World Laughter Day: Where did the political satires go?

Death of cinematic freedom in India

Cinema

May 2, 2021

/ By / New Delhi

World Laughter Day: Where did the political satires go?

Jane Bhi Do Yaaron not only left audiences in splits while it commented on corruption & pointed out systematic flaw of authorities

Amidst the current political attitude and new severe restrictions on films and OTT in India, experts worry that the great legacy of political satire and comedies in Indian cinema might have come to an end.

“Thankfully it came and went decades ago. I think it would not have released in the first place if it were to come today. I am also sure that people would have attacked the directors, abused the actors and for the female characters, it would have been way worse. Perhaps, that was just a better time to laugh and satirise political and societal issues. I cannot image anyone being able to do it today,” says Delhi-based Shifa Fatima who is a comedian and a filmmaker.

Shifa refers to the extraordinary Kundan Shah directed political satire film Jane Bhi Do Yaaro that released in 1983. Jane Bhi Do Yaaro not only left audiences in splits while it commented on the cases of corruption and pointed out the systematic flaw of the authorities but also gained the status of a cult classic over the years. The film is also one of the highest rated Indian comedies on IMDb (8.4/10). While Fatima celebrates the existence and popularity of the movie in Bollywood, she also says that the good days are gone when art was free to comment and criticise the government or any authority in India.

Peepli Live (2010) by Anusha Rizvi and Mahmood Farooqui was a satire on farmers’ suicides

However, she says Modi’s government has signalled that it will extend legal cover to the campaign against religious offence which means to make sure that the religious sentiments are not hurt, especially that of the majority. It has announced new rules that force social media and digital platforms to take down any ‘offending’ content within 36 hours of a complaint being made.

With the recent amendment to OTT rules, government and its partisans have abetted a cultural clampdown with a chilling effect on freedom of speech and expression. “Sadly, in many cases, the authorities have not just failed to act against violent government supporters, but have also targeted peaceful critics,” she adds.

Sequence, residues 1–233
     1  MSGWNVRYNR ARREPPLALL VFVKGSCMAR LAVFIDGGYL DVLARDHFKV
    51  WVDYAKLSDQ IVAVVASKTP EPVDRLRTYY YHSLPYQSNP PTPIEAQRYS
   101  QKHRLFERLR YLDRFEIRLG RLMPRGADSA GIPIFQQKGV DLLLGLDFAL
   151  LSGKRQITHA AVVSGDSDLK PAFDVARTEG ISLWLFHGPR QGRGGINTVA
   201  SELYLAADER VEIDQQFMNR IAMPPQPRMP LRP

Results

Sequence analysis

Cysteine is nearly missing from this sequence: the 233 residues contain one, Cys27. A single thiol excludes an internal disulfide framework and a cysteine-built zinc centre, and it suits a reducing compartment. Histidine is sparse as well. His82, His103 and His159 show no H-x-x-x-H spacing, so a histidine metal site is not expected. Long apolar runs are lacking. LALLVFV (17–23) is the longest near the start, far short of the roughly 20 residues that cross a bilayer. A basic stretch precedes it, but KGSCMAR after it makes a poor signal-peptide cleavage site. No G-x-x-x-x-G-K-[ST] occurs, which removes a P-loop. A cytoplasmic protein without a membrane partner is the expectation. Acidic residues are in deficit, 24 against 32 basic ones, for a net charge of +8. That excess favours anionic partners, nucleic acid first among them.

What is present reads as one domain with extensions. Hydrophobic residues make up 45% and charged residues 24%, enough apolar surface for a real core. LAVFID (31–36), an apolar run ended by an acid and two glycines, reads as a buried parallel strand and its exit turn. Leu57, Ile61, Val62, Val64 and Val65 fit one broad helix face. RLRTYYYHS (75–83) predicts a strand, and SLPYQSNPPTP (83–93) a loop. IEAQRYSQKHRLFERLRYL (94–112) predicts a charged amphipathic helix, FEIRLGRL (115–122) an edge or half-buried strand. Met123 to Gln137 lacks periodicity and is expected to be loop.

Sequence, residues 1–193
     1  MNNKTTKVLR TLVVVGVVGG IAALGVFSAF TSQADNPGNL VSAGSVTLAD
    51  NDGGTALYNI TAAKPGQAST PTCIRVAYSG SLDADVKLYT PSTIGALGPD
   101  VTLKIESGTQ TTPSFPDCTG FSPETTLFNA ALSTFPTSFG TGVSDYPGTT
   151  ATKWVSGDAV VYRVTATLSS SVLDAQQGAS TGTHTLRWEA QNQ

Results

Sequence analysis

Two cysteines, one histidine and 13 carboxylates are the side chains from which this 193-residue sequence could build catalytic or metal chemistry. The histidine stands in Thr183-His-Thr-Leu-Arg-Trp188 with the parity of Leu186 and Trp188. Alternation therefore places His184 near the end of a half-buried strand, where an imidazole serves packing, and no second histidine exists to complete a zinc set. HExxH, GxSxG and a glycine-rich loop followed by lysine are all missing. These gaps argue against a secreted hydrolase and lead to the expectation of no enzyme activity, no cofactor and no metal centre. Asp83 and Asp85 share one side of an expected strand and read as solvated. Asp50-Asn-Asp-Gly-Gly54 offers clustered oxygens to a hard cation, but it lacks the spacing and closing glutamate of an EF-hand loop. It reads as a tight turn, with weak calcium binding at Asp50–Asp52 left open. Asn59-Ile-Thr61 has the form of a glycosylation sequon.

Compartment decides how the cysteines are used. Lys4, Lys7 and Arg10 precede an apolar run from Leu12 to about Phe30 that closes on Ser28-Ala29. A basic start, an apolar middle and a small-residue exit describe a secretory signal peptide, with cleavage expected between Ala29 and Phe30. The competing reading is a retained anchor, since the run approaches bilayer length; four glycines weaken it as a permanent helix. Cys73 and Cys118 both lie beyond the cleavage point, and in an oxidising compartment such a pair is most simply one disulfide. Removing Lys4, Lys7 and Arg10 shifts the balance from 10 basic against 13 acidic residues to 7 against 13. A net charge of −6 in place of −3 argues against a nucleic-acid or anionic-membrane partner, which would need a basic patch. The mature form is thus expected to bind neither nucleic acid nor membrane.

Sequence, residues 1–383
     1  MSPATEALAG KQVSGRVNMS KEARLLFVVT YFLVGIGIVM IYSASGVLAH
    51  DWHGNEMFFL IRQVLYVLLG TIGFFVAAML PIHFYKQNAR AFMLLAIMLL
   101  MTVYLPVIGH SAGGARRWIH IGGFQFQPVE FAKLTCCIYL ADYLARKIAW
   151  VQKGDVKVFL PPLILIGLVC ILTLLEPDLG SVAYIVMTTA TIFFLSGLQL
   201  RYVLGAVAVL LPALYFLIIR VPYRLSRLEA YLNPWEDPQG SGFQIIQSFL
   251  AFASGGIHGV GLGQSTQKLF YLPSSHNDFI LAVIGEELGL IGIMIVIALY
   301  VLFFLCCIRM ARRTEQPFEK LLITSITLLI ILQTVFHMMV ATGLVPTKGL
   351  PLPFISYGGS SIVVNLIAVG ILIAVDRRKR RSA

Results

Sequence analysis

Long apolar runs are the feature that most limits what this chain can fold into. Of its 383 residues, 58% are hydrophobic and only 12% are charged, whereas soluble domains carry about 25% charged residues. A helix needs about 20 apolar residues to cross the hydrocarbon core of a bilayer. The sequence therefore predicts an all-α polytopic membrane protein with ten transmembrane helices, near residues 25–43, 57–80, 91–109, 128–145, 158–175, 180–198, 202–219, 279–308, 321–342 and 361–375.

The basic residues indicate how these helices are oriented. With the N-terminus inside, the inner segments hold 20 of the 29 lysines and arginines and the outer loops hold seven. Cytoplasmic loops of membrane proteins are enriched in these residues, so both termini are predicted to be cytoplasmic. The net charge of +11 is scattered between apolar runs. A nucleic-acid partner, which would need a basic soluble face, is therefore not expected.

She goes on to say that there is not even an iota of hope that work similar to Jaane Bhi Do Yaaron will be ‘allowed’ by the government anymore, especially in the current political landscape where silencing all criticism is the priority.

“I know for a fact that no political criticism through any kind of art will be allowed today, be it a social media comment or even a publication, let alone in cinemas that have unmatched reach among citizens. Especially today, it is only laughable to think that politicians and their followers will even let you think about making a political satire,” she adds.

Anila Tripathi, a film studies professor at University of Delhi feels the same way. She says that the country has already seen horrific incidents and legal harassment that numerous stand-up comedians in the recent past have gone through just because their views were not welcomed by the majority. She feels it makes even the most vocal of filmmakers and directors afraid. “Criticising an artwork is alright. But threatening the artist is not. I can expect that from some people who act as hate-mongers but image the catastrophe that is our government who enables such people. Being vocal has cost directors and actors their whole careers even in best case scenarios, and jail terms at the worst. Why do we still expect that something like a political satire will be made anytime in near future?” asks Tripathi.

She goes on to mention the rapid decline in number of political satires that have released during last few years. Apart from the much talked about Peepli Live (2010) by Anusha Rizvi and Mahmood Farooqui, no other major political satire has made headlines in the past decade. Even the few on the OTT platforms, have been much criticised, faced boycotts and have either been banned or made to delete/cut important hard-hitting scenes. “Why will a director spend all time and money on a work that he knows, will not even be allowed to get a proper release? Why will the actors choose to act in a film or take a role, that they know, will be boycotted and ultimately be thrown out of the film at last?” she further asks.

Sociologist Shiv Visvanathan says the backlash against comedy cinema was strange when there had always been a strong comedy element to Indian folklore and cinema. “We have such amazing legacy of cinema in almost all parts of the country. Many of the most critically acclaimed pieces have been satires on politics, the inefficiency of the government and society in general. Suddenly, why is everything under the radar and it is a big red flag that the government doesn’t like criticism. You know it is time to question them. But unfortunately, they will not let you,” he says.

“Democracy is supposed to be happily quarrelsome and relaxed about the quarrel. If they do not let you speak, soon, democracy will be a thing of the past, like political satires are,” he adds.

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